“What’s a Few Years When You Get Money and Friends in High Places?” by R. R. Angell
Reviewed by Victoria Silverwolf
Many of these stories deal with themes involving thinking and consciousness, whether human, alien, or artificial. From Muscle Beach to deep space, the nature of what makes us human is explored in imaginative ways.
R. R. Angell leads off the issue with “What’s a Few Years When You Get Money and Friends in High Places?” A professional body builder down on his luck gets an intriguing offer. If he will agree to undergo a head transplant, exchanging his young, healthy torso for that of an aging billionaire, he will be rewarded with great luxury, even if it means shortening his expected lifespan. Although this sounds like the plot of an old-fashioned science fiction movie, the author works hard to make it plausible. The protagonist figures out how to turn the situation to his advantage.
“Thinking Inside the Box” by Michèle Laframboise takes the reader into an alien spaceship. Human visitors find the place difficult to understand, because it always changes in unpredictable ways. The aliens, in turn, find it impossible to imagine living without constant change. When a crisis forces the aliens to deal with a static environment, a simple human invention helps them cope. The author does a good job narrating from the point of view of an alien who thinks in very different ways from a human.
The protagonist of “Cogito Ergo Sum” by Mike Adamson is an android who was married to the man who designed her programming. After his death, she is brought in for questioning by police detectives who are unsure of her legal status and the danger she might pose. What follows is more of a philosophical discussion of the nature of humanity than a story, but it’s an interesting one.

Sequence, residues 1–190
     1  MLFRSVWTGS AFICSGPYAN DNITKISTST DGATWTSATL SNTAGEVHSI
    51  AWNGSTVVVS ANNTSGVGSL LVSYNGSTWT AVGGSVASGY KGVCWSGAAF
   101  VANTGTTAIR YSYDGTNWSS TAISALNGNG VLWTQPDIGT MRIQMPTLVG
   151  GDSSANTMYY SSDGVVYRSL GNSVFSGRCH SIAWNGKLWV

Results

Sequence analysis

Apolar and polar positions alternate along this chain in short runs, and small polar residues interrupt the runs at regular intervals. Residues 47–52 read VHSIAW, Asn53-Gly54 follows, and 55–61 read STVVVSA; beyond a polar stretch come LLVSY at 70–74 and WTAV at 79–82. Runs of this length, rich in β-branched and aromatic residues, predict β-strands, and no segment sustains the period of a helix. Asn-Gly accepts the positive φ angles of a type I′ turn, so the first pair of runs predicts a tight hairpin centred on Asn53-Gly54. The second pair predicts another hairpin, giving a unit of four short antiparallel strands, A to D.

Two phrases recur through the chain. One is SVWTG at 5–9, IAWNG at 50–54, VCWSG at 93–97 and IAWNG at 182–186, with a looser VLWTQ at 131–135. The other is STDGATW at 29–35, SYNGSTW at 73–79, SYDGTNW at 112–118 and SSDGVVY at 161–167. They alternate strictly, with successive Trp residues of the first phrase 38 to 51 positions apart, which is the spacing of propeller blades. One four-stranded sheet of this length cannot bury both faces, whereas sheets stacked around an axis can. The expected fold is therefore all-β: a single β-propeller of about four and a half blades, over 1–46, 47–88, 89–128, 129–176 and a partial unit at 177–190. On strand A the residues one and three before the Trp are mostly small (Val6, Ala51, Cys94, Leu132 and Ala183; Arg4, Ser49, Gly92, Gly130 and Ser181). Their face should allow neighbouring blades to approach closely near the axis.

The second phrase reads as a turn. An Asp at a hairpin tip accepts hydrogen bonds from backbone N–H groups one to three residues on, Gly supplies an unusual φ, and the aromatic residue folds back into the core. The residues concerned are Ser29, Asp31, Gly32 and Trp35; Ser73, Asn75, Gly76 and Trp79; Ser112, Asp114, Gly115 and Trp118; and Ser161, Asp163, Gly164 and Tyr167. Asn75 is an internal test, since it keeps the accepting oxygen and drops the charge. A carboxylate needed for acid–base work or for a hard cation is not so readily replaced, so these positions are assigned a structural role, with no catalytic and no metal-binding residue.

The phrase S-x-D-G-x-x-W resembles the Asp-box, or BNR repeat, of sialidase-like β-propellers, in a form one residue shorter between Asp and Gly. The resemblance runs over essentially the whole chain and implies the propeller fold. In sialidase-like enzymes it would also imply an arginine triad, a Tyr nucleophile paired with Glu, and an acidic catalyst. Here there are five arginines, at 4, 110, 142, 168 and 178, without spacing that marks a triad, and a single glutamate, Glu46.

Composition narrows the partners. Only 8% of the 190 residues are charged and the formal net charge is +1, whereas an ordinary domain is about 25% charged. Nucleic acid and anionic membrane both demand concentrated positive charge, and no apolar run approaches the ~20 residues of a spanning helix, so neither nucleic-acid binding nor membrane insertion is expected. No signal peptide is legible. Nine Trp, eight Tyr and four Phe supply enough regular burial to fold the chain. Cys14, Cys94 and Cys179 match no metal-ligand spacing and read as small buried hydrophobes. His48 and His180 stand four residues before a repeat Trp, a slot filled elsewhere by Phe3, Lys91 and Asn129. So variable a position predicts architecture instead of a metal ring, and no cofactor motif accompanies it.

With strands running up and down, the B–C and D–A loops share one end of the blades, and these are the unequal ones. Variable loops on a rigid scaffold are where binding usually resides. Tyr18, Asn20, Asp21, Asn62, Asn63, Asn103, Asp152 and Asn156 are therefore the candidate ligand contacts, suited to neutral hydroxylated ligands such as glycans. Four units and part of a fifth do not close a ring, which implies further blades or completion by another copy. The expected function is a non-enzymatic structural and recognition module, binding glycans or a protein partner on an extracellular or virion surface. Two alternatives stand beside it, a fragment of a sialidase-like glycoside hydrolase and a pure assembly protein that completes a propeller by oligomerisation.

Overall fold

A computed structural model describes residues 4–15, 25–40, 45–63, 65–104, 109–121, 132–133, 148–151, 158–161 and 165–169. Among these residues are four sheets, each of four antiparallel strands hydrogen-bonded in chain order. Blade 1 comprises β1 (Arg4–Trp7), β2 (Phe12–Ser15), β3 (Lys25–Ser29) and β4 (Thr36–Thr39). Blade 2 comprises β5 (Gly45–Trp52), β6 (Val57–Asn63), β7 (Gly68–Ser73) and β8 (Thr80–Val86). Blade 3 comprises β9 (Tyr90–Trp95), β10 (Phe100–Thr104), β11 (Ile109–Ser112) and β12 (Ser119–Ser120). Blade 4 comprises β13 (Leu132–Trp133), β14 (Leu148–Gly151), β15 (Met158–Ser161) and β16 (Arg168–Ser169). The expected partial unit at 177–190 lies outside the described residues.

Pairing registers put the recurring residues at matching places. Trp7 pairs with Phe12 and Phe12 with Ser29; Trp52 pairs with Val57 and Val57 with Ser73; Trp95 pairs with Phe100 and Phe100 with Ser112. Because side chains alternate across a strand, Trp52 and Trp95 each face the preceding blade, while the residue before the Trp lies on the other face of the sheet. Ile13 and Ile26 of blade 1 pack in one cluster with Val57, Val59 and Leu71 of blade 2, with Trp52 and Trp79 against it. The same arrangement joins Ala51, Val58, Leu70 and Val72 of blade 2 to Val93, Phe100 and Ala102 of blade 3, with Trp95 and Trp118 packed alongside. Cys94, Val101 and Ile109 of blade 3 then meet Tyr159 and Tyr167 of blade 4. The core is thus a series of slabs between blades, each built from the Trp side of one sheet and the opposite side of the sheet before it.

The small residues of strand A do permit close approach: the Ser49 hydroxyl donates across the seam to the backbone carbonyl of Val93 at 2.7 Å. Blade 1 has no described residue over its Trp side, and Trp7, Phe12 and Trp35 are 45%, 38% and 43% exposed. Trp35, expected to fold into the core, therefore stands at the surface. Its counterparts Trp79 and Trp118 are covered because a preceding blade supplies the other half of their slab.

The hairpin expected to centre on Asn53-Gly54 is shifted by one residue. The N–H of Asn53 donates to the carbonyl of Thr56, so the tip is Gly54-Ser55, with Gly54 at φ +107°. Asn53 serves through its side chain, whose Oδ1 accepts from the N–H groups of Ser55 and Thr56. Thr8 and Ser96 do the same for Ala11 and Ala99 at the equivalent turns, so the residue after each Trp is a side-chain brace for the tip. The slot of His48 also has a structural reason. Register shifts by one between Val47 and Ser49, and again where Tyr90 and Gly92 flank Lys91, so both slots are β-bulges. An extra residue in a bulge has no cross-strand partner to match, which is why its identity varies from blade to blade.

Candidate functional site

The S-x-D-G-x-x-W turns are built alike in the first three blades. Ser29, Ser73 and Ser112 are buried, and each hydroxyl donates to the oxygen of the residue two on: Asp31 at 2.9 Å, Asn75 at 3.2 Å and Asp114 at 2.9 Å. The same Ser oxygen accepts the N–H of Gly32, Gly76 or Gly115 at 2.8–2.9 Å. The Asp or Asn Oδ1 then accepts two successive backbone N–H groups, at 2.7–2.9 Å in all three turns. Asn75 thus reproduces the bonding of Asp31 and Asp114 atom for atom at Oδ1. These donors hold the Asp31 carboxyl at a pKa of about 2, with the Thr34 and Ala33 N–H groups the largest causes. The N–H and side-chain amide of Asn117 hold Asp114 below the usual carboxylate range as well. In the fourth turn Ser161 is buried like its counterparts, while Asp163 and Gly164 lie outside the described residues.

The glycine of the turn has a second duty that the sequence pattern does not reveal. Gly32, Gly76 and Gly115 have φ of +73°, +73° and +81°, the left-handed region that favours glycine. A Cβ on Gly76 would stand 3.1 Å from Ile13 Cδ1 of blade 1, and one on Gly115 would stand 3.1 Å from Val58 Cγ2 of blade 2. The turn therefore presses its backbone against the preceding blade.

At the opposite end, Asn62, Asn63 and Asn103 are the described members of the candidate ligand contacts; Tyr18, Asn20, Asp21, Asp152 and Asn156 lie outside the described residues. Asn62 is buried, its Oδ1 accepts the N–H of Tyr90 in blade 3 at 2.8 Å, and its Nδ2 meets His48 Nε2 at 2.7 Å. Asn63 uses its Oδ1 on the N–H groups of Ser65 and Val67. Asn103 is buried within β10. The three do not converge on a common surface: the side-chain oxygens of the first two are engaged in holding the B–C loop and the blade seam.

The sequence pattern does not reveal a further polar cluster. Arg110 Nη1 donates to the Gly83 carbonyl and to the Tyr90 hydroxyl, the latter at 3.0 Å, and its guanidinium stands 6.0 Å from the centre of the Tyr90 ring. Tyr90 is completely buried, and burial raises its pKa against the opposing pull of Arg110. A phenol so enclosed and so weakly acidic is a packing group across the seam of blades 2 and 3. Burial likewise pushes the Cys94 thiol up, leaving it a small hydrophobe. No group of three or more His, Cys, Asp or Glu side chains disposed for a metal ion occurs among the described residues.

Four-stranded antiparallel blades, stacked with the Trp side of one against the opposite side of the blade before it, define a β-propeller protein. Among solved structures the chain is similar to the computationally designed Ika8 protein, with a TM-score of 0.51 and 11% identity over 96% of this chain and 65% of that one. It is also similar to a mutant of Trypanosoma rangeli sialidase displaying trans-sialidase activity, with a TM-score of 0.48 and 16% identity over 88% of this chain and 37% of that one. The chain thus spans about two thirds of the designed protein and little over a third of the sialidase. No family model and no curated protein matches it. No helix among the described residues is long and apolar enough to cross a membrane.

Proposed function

“Integration” by John Eckelkamp is a brief tale about an artificial intelligence which inhabits a synthetic body so it can be educated like a human child. The simple process of planting a bean in a pot and watching it sprout serves as a powerful lesson. This story is dense with futuristic concepts and must be read carefully to be fully appreciated.
A semi-biological undersea ship the size of a city serves as the setting for “Fathom the Ocean, Deep and Still” by David Bruns. After it fails to rescue a surface ship of the same size from a gigantic hurricane, the ship is infested by an unknown form of life. The emergency continues as the infestation cripples the ship’s artificial intelligence, as well as other vital systems. A child’s imaginary friend serves as a clue to the solution of the problem. This is a tense adventure story which reads something like an underwater version of Star Trek. Unfortunately, it ends very suddenly, with many of the reader’s questions unanswered.
Victoria Silverwolf is not an artificial intelligence.